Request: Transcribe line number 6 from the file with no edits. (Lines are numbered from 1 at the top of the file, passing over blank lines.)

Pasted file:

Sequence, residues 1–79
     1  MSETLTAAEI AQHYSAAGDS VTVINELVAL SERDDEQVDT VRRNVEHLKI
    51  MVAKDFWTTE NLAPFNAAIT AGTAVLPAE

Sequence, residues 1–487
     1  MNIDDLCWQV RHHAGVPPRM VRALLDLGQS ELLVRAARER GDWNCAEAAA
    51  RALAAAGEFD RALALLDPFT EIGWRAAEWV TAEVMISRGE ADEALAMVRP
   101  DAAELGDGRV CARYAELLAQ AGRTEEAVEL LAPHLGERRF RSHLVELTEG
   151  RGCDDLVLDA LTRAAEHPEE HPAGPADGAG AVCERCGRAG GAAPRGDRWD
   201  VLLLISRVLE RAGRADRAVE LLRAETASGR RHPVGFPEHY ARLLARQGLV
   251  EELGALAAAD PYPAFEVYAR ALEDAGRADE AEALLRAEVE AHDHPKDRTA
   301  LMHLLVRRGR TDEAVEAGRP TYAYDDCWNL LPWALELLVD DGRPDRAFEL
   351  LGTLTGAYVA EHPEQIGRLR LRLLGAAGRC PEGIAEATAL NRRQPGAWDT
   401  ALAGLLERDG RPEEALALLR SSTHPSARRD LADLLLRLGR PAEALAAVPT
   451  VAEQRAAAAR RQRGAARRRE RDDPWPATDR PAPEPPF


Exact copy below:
    51  RALAAAGEFD RALALLDPFT EIGWRAAEWV TAEVMISRGE ADEALAMVRP